Can New Year’s Resolutions Create Mental Health Self-Stigma?

January 4, 2019 Laura A. Barton

Can new year resolutions cause mental health self-stigma? As we set resolutions about our mental health for the new year, we need to be mindful of their impact.

Will your new year resolutions cause self-stigma? With the new year comes new resolutions. Many times those resolutions center around health and wellbeing, so it's no surprise people are making resolutions to overcome mental health struggles. But can new years resolutions create mental health self-stigma?

How New Year's Resolutions Contribute to Mental Health Self-Stigma

Having a goal to better and take care of yourself is great. It's what we talk about in the mental health community most: take time for self-care, seek help when needed, etc. But resolutions are different. They feel more powerful, like a vow. Putting that kind of pressure on yourself to better or cure your mental health isn't something I recommend.

I used to be one of those people that would hope and pray for cures for my mental health struggles. When it came to resolutions, I would promise to do better. All putting that kind of pressure on myself ever resulted in was feeling worse because I couldn't live up to those high expectations. I saw myself as either a worthless lost cause or a failure because I couldn't get myself under control.

The reality? I was unwell and trying to overcome my illnesses with willpower. Without realizing it, I was seeing myself through the lens of self-stigma. So yes, I believe setting New Year's resolutions involving mental illness can absolutely create self-stigma.

How to Set Attainable Goals for Your Mental Health

I also believe it's possible to have a New Year's resolution for your mental health without falling into the pit of self-stigma. You have to be mindful about it. Here are tips on how to do that.

  1. Keep it realistic. Going into the new year resolving to finally have a cure for your struggles or to be fully recovered is the ultimate level of pressure. Instead, aim for and celebrate baby steps ("Setting Realistic Goals Benefits Your Mental Health").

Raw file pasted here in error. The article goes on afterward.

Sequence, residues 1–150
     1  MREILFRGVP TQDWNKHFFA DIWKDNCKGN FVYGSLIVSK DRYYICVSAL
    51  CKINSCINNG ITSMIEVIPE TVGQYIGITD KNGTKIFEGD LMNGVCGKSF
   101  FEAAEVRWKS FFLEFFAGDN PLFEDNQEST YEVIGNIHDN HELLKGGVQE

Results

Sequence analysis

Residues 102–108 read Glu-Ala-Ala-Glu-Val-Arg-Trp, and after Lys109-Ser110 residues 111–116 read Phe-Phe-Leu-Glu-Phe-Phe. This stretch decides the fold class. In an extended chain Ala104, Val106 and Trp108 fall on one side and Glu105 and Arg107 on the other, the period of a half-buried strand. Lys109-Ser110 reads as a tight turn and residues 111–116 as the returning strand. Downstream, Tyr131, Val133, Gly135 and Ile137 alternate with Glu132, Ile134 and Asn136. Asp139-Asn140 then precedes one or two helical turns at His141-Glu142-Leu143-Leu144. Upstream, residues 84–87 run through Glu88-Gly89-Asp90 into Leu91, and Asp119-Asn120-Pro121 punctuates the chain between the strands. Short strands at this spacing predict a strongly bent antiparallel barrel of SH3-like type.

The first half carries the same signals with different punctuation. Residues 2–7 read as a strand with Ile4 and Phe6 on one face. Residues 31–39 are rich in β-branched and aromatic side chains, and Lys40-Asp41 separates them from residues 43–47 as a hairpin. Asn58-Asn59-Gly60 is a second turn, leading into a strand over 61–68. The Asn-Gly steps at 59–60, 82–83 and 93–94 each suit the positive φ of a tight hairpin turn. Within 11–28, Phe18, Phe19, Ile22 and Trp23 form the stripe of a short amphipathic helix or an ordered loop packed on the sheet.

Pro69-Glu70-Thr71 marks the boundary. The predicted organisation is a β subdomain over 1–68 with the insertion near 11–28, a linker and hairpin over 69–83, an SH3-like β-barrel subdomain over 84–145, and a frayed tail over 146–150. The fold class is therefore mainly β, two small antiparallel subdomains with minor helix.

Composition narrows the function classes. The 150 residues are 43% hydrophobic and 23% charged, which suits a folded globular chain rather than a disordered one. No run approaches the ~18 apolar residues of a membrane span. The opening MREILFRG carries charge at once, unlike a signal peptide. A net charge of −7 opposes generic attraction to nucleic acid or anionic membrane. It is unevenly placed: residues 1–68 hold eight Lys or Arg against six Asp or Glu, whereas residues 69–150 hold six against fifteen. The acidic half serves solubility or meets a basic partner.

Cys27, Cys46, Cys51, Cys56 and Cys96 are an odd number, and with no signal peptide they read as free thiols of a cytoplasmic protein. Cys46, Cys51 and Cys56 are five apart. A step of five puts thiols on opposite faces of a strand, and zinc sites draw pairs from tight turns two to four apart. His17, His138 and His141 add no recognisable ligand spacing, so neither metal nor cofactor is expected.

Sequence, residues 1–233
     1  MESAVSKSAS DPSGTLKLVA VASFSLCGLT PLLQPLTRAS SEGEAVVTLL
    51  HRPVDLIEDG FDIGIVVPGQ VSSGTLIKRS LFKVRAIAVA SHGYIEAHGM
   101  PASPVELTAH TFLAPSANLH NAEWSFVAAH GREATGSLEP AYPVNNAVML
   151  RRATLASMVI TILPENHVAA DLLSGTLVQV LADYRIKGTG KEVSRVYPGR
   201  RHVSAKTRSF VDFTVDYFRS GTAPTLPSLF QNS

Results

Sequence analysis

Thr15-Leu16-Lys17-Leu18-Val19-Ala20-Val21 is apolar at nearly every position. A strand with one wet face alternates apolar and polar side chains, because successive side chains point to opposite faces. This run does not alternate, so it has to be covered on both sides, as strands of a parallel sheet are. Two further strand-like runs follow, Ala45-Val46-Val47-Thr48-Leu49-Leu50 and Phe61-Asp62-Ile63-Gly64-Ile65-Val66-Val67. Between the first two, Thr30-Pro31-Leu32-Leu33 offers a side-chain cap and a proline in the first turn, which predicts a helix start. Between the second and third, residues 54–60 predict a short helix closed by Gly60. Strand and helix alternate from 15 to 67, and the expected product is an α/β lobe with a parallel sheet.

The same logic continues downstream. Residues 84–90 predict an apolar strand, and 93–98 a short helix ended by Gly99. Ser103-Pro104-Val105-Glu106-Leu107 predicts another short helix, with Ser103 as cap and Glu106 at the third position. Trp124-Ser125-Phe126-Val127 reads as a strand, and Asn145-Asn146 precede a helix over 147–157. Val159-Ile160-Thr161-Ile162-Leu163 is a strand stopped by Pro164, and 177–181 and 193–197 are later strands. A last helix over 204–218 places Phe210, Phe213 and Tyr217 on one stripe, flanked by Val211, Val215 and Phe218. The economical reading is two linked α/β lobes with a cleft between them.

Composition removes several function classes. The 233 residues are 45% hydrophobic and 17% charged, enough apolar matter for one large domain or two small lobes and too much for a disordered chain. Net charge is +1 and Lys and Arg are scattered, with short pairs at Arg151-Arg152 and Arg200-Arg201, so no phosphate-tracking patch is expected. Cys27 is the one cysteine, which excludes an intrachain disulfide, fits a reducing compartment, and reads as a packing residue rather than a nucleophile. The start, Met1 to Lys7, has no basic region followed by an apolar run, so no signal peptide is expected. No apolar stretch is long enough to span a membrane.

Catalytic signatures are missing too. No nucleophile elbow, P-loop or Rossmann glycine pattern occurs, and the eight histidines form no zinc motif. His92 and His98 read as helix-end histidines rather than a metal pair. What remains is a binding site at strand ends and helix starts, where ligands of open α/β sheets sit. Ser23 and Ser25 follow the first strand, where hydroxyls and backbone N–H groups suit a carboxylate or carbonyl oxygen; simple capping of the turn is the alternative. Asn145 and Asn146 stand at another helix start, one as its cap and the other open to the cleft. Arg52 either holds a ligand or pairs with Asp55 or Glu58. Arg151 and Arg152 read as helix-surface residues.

2. Know mental health isn't a matter of willpower or strength. It's an illness, not a test of strength of spirit ("The Myth that Mental Strength Alleviates Mental Illness").
  3. Practice self-care. When those self-stigmatizing thoughts seem their most powerful, having self-care strategies to turn to can be a great asset to bring you out of them.
  4. Be adaptive. If things don't seem to be going quite as planned, look for new ways to reach your goals ("Relapse: Mental Illness Relapse and Recovery").
  5. Understand you have plenty of time. The other thing about New Year's resolutions is they give us constricting time frames for issues that aren't easily confined by time. Don't rush yourself.

Whether you use these tactics for your new year's resolutions or in general, you can reduce self-stigma's role in your new year while still working on your goals.

APA Reference
Barton, L. (2019, January 4). Can New Year’s Resolutions Create Mental Health Self-Stigma?, HealthyPlace. Retrieved on 2024, June 16 from

Author: Laura A. Barton

Laura A. Barton is a fiction and non-fiction writer from Ontario, Canada. Follow her writing journey and book love on Instagram, and Goodreads.

Lizanne Corbit
January, 7 2019 at 1:56 pm

I love this read! The start of a new year is such a wonderful time to set some goals and put healthy habits in place, BUT it can also cause a great deal of distress and anxiety, especially for those with mental health. I think it's so important that you highlight setting realistic expectations (small goals are great goals!) and making time for self care.

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